You’ve launched into an explanation of a difficult concept, using a story or example that will illustrate it nicely. The story isn’t in the reading. It deviates from the perceived script.
Then a student raises her hand while you are reaching the climax of the story, interrupting the flow, and asks, “Do we need to know this for the exam?”
What do you say?
What is the value of the stories and examples that pepper your explanations of concepts, that liven (at least in your opinion) the vocabulary and meat of a subject matter?
What about a class discussion or activity? Do they need to “know” that?
You might say, “Well, not the particulars, but the way in which the story informs or interprets or applies the concept is important. You might encounter a scenario or story on the exam that will illuminate your ability to apply the concept or to understand the concept.” Will the student that asked the question understand your answer?
How do you help your students understand what they ought to be learning or understanding?
This is the crux of things for us as teachers. Learning isn’t automatic, like a sponge soaking up water. Learning requires that we first give the material salience: we need to feel its relevant or important to know. Then, we need to decide how we need to know the material. The how is the difficult part. Knowing something as a fact is different from knowing something as a scaffold or as a way of working with other material. For example, learning the name of a species is different from learning how that organism fits into its ecosystem. Or, the name of an enzyme, versus how it operates in a metabolic cycle.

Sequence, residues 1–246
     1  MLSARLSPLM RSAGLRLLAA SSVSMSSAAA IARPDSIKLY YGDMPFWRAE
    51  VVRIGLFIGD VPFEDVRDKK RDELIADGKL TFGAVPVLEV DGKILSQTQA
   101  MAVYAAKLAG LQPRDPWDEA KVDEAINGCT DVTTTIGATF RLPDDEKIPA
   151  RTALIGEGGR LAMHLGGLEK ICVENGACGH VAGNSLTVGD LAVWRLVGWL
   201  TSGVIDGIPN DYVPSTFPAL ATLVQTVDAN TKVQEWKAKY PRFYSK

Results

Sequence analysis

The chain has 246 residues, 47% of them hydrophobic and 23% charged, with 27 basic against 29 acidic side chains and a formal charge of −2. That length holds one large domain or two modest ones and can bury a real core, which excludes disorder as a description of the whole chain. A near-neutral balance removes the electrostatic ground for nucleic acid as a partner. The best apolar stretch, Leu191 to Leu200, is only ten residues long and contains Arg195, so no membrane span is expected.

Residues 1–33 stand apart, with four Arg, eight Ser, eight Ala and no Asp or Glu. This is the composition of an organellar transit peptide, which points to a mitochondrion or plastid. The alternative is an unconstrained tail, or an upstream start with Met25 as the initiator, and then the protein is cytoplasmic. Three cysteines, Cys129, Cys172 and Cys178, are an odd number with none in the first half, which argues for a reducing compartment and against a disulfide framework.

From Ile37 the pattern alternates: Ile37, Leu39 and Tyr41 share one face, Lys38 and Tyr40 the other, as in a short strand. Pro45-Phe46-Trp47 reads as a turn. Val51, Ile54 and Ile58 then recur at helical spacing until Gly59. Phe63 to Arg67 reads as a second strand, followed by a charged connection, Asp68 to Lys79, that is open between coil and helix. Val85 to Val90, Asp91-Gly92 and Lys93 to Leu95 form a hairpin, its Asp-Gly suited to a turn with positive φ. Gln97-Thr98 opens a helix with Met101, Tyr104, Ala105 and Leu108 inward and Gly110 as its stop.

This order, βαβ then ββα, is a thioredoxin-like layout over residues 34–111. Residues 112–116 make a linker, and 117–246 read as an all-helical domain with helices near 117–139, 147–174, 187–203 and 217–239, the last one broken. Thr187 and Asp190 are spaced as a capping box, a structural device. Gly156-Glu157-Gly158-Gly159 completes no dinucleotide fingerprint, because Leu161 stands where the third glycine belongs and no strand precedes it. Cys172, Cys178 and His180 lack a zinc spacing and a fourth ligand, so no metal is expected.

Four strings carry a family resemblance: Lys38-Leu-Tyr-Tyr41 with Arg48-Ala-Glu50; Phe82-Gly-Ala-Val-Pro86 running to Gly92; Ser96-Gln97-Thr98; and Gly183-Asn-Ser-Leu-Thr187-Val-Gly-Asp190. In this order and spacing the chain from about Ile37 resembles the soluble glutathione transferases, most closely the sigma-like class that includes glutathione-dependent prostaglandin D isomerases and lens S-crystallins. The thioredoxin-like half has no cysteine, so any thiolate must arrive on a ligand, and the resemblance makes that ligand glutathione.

I frequently will say things like, “You don’t need to know the chemical structures of this particular reaction, but you do need to understand the importance of the reaction to the cycle.” Do any of my students understand the distinction? Is it possible to really understand the importance of a chemical reaction without knowing the specific structures?
In actuality, I don’t think it’s possible. I do think the devil is in the details. For my own understanding of concepts in order to teach them, I learn the details. I find examples, develop stories. But I already have a scaffold, from years of learning and applying concepts, on which to hang the details. What about our students? They are just developing a scaffold. Do details get in the way? I think we as teachers need to help our students distinguish the scaffold-building from the details, and to help them learn how to place details within their growing scaffolds.
Since the best way to really learn and understand something is to teach it, maybe we should be asking our students to care about the details, the examples, the stories.
So, yes. To answer the question. What I am saying at this moment is important for you to know.